Chambless Johnston Addresses Myths and Facts About Addiction Treatment

Addiction is a complex disease that requires individualized and holistic treatment. As with any complicated disease, information on the topic can be easily misunderstood. As a result, many myths surrounding addiction are circulated. However, it’s important to understand the truth about addiction in order to minimize stigma and to effectively help and support those in our community who suffer with it.

Dr. Chambless Johnston is the founder and CEO of East Tennessee Recovery. East Tennessee Recovery specializes in outpatient addiction treatment and is one of the largest office-based opioid treatment (OBOT) providers in Tennessee. Johnston is passionate about helping individuals with addiction and believes in an integrative approach to treatment. He has 15 years of experience as an internal medicine physician and opened his first OBOT in 2012. Today, Dr. Johnston lives in Johnson City, Tennessee, with his wife and four children. He continues to help individuals in the community overcome addiction using holistic treatment methods, which include counseling and primary care. He shares his expertise on addiction, addressing some of the most common myths and facts about addiction treatment.

Chambless Johnston from Johnson City, Tennessee, Discusses Common Myths About Addiction

Myth #1 — Those who suffer from addiction have no self-control

The idea that individuals suffering from addiction are simply overindulgent and lack moral strength is incorrect. Addiction is a serious disease that requires medical attention and treatment. Like diabetes, heart disease, or any other physical disorder, addiction is a medical condition with real and lasting physical and psychological effects. According to Chambless Johnston, addiction can stem from a genetic disposition, social circumstance, and other factors outside the control of the individual. With the help of specialized treatment, those suffering from addiction can overcome it and live a healthy, productive life.

Myth #2 — Addiction treatment isn’t necessary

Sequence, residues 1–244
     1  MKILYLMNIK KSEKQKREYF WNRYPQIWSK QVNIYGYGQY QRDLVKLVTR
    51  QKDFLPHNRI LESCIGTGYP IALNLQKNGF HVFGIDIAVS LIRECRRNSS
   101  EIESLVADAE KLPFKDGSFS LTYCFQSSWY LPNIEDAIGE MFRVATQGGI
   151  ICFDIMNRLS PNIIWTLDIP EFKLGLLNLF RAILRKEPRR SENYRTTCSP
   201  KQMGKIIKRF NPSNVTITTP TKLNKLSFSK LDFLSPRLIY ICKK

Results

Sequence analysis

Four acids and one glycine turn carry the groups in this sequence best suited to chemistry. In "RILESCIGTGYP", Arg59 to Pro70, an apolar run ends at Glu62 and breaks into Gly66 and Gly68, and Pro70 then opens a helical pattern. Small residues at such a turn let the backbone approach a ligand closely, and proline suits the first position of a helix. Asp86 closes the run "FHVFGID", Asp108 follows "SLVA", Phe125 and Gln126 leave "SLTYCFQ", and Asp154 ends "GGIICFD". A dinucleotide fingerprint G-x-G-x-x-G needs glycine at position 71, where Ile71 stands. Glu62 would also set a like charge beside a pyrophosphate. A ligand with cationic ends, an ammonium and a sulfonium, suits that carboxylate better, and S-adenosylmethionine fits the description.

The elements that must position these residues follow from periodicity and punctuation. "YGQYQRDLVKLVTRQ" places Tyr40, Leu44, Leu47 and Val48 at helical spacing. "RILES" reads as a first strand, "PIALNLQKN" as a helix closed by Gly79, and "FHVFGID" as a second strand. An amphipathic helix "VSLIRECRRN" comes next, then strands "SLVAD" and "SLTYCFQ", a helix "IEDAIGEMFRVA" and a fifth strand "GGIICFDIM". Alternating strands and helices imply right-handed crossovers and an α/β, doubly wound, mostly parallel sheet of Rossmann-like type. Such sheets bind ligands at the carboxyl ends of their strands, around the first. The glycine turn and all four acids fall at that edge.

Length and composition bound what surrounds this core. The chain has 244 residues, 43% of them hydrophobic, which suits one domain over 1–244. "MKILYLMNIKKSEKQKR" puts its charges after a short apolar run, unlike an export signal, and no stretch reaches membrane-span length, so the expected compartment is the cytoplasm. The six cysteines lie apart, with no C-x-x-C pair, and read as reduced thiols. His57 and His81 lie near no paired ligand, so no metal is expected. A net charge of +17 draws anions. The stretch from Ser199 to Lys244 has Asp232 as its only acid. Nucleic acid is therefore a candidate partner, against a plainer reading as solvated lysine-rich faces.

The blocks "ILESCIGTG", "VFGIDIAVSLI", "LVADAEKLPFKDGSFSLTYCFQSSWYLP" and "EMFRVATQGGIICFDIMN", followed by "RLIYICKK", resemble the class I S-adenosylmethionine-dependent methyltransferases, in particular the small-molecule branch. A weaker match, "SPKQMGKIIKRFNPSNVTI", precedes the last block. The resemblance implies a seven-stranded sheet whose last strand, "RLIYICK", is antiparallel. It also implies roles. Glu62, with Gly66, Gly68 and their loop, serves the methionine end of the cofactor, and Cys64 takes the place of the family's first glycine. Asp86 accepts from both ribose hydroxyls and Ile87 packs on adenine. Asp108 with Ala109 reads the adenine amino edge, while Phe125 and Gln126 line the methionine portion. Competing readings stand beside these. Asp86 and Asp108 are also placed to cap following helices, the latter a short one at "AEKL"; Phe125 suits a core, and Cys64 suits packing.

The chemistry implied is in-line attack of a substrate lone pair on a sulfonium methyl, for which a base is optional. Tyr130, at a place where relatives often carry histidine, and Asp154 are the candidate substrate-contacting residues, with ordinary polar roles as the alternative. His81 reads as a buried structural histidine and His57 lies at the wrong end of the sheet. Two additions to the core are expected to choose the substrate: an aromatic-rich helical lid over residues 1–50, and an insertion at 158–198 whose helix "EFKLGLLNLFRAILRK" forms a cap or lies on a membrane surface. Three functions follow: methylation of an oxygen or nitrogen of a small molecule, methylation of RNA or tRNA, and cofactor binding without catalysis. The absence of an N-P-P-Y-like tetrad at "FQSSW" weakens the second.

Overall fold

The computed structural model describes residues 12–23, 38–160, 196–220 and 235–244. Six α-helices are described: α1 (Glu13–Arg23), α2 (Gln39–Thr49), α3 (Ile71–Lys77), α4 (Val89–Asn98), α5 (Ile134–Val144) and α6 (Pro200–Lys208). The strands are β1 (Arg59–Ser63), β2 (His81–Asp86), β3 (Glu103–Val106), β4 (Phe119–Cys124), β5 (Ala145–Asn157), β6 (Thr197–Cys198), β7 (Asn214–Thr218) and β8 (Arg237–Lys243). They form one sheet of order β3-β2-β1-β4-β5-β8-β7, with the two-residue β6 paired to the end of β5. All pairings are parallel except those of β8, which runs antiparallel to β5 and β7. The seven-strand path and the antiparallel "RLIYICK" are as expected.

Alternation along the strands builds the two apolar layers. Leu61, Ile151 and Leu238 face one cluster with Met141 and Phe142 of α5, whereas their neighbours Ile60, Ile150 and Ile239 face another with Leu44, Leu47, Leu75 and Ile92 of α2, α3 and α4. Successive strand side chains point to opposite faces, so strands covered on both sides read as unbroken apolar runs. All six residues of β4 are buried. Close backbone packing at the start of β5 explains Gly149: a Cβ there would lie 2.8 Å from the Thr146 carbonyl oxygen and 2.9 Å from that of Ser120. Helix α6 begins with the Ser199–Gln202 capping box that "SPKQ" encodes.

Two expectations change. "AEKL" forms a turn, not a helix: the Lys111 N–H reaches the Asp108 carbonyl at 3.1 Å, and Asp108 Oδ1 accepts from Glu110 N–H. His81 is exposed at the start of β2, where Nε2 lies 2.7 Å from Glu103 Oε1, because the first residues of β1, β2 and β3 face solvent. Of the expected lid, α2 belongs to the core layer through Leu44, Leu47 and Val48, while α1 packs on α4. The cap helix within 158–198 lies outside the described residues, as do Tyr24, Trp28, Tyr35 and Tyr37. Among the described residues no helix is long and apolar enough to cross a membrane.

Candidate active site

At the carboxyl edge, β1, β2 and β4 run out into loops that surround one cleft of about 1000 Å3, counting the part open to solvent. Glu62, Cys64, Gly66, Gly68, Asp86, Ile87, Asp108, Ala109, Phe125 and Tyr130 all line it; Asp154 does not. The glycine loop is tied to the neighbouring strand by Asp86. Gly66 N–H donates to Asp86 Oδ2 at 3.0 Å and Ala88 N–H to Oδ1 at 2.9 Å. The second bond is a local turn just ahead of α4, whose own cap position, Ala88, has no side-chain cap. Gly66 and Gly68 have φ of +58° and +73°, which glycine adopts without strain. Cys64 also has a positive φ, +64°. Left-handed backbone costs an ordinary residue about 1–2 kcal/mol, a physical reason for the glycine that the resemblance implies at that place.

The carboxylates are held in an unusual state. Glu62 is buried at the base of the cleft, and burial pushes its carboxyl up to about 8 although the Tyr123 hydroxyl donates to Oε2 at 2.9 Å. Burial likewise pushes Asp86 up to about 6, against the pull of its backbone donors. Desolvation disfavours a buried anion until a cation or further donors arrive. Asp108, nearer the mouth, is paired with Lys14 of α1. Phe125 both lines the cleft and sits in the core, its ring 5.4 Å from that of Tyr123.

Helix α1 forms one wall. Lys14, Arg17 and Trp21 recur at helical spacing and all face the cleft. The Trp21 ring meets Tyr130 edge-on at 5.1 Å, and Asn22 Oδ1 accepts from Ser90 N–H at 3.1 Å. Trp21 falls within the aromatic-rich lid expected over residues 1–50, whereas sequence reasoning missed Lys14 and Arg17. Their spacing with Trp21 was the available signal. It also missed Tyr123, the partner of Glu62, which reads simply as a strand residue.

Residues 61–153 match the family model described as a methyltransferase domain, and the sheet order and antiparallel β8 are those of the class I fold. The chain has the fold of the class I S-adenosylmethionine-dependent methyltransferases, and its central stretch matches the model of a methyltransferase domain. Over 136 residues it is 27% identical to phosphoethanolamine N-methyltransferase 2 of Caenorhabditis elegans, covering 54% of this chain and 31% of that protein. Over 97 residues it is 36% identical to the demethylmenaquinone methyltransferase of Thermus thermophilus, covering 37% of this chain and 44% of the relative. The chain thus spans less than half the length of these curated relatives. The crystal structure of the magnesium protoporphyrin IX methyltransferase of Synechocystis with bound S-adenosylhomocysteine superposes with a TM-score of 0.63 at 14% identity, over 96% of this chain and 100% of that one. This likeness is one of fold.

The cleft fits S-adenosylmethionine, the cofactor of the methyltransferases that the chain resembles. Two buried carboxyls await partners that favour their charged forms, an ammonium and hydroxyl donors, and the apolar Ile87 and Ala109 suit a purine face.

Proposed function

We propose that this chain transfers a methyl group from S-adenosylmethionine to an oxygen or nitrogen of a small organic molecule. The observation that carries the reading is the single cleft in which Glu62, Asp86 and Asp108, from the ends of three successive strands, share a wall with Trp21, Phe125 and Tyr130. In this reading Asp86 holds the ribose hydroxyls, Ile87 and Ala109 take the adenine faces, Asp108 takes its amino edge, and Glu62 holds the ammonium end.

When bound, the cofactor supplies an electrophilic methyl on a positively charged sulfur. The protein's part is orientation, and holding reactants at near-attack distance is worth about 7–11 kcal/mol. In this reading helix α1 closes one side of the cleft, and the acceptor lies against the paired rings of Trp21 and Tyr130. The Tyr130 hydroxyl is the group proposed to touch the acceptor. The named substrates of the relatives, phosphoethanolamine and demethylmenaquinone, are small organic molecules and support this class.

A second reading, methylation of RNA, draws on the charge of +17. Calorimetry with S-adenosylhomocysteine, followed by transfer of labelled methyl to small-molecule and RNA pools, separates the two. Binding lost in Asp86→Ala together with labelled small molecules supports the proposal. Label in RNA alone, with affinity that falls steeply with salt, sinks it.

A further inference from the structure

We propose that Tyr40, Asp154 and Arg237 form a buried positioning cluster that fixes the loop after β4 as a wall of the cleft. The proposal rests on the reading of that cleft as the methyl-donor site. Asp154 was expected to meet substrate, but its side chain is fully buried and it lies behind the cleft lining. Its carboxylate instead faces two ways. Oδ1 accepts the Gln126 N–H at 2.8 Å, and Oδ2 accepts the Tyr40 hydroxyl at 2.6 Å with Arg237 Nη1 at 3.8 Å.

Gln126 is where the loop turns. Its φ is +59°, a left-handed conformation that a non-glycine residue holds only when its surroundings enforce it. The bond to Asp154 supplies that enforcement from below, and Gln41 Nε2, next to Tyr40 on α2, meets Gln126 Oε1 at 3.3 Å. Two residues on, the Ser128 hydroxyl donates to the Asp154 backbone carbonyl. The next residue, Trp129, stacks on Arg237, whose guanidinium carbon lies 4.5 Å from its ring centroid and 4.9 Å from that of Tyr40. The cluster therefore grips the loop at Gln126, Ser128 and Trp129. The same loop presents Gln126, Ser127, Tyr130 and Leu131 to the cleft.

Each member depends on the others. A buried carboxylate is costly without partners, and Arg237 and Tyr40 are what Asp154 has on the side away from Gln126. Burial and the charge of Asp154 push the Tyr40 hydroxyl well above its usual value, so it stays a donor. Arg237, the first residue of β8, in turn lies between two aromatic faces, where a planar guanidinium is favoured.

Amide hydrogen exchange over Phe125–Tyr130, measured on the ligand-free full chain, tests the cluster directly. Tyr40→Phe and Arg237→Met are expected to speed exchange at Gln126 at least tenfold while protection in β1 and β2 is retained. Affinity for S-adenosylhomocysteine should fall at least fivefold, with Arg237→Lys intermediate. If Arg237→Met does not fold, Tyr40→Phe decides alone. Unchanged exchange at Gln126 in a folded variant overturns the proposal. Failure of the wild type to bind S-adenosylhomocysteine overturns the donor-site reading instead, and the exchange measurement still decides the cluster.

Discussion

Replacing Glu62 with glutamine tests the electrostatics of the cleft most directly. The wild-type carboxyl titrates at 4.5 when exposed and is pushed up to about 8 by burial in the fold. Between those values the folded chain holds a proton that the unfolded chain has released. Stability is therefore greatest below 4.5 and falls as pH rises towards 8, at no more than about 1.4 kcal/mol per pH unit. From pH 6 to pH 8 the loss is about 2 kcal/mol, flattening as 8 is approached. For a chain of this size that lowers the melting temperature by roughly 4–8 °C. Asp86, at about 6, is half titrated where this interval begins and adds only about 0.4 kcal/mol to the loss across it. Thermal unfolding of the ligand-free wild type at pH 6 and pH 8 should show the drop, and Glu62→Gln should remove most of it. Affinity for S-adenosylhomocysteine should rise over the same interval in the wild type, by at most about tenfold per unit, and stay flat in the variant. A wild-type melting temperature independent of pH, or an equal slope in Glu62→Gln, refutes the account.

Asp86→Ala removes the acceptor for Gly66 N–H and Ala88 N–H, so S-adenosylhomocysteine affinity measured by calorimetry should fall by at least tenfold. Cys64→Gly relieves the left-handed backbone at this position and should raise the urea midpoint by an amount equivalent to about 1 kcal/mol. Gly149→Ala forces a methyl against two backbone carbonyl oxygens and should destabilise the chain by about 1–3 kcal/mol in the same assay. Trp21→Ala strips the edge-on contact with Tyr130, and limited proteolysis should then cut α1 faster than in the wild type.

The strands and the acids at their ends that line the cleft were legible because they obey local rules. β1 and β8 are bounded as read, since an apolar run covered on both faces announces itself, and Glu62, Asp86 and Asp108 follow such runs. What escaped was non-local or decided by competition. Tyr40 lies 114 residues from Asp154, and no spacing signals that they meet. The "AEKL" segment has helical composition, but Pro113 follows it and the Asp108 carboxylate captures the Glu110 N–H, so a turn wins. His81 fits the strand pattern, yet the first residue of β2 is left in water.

Many people believe that individuals suffering from addiction do not require treatment to stop their substance abuse. If the addicted person cannot overcome their dependence, they simply are not trying hard enough or don’t have the willpower to do so. However, this belief could not be farther from the truth. Addiction is a very complicated disease, with various factors- both internal and external- playing simultaneous roles. Chambless Johnston suggests that overcoming addiction requires addressing these confounding factors. As a result, an individualized treatment plan is necessary. A comprehensive strategy, developed by an addictions specialist, will ensure that all of the complex aspects associated with addiction are addressed in order to facilitate recovery.

Myth #3 — Addiction treatment doesn’t work

Many people relapse, even after receiving addiction treatment. While some people take this to mean that treatment isn’t effective, that opinion is false. The truth is addiction is a difficult disease that, for some, may be a life-long struggle. While approximately one-third of addiction patients remain sober after their first treatment plan is completed, others face the struggle of relapse. Although relapse may come across as a failure, it can often be part of the recovery process, notes Chambless Johnston. In fact, drug and alcohol abuse can result in functional and structural changes to the brain. It is these physical changes that may play a part in relapse. However, for those who do relapse, there is still hope. Addiction specialists recognize that, although there is always the potential for relapse, addiction treatment can help to address many issues, including those beyond the surface of substance abuse. For instance, not only will addiction treatment reduce instances of relapse, but it also helps the individual learn how to function better in daily life, how to cope with temptation, and improve overall mental and physical health. Notably, treatment can also help to reduce the impact that parents with substance abuse issues have on their children.